Seventh, agricultural governance and AKST institutions alike have focused on producing individual agricultural commodities. They routinely separate out the different production systems that comprise agriculture, such as cereals, forestry, fisheries, livestock, etc, rather than seeking synergies and optimum use of limited resources through technologies promoting Integrated Natural Resources Management. Typically, these integrating technologies have been treated as fringe initiatives. The challenge now is to mainstream them so that the existing set of technologies can yield greater benefits by being brought together in integrated systems. A range of biological, ecological, landscape/land use planning and sustainable development frameworks and tools can help; but these will be more effective if informed by traditional institutions at local and territorial levels. Because of the great diversity of relevant disciplines, socioeconomic strata and production/development strategies, sustainable agriculture is going to be more knowledge-intensive than ever before. This growing need for knowledge is currently associated with a decline in formal agricultural extension focused on progressive farmers and its replacement by a range of other actors who often engage in participatory activities with a wider range of farmers, but who often need greater access to knowledge. Thus part of the challenge is to reinvent education and training institutions (colleges, universities, technical schools and producer organizations), and support the good work of many NGOs by also increasing long-term investments in the upstream and downstream transfer of appropriate knowledge.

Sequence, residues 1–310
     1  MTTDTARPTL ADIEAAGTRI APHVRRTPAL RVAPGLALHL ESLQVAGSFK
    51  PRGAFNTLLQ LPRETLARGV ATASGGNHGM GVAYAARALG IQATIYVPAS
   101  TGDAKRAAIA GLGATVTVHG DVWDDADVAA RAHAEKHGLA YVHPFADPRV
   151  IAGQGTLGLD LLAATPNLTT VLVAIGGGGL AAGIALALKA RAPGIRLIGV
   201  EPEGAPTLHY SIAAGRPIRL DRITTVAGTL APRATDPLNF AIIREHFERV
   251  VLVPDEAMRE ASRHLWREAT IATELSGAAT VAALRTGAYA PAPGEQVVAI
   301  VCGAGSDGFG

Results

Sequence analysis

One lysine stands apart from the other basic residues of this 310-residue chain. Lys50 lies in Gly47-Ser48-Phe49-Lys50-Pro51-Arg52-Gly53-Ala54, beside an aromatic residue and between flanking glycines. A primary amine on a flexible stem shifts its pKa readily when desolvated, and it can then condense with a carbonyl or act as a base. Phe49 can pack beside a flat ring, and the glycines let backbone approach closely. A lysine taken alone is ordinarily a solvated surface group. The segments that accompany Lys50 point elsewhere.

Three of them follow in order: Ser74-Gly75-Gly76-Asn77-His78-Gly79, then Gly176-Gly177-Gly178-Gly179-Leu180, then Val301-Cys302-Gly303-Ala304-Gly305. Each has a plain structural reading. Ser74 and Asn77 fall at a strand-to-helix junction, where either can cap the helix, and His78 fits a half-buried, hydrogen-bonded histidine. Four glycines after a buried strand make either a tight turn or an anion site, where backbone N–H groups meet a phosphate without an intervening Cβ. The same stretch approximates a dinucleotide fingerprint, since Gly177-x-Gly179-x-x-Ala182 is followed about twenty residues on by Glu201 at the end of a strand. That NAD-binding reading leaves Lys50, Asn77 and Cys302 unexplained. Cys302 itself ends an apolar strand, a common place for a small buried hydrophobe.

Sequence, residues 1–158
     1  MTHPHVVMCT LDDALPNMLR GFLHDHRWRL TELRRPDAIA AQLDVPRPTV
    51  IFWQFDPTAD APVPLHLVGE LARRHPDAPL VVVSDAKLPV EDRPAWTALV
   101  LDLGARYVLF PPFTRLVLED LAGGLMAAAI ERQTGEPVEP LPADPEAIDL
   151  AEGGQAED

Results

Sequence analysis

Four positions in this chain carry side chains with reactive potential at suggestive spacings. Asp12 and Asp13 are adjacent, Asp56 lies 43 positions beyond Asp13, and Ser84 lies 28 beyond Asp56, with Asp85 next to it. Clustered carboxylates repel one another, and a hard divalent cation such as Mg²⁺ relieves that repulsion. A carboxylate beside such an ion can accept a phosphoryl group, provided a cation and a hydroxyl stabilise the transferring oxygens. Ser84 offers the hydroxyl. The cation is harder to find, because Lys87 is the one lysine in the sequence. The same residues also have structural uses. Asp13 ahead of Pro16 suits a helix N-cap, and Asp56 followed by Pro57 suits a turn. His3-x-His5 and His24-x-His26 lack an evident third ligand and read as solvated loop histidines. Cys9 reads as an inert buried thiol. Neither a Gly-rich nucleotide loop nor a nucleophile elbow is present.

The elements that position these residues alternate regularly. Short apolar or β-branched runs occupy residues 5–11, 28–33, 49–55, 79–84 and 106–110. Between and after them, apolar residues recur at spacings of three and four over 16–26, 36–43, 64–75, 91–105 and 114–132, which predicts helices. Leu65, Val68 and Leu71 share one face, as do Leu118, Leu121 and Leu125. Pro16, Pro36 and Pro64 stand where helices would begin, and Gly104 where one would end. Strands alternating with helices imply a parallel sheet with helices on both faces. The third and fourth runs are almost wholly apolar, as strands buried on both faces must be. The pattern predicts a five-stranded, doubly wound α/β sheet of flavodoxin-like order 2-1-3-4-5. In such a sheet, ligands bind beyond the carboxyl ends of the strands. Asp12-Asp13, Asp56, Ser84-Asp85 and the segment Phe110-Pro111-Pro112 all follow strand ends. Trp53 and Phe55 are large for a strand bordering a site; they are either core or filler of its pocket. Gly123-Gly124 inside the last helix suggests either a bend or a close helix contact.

Eighth, agriculture has also been very isolated from nonagricultural production-oriented activities in the rural landscape. There are numerous organizational and conceptual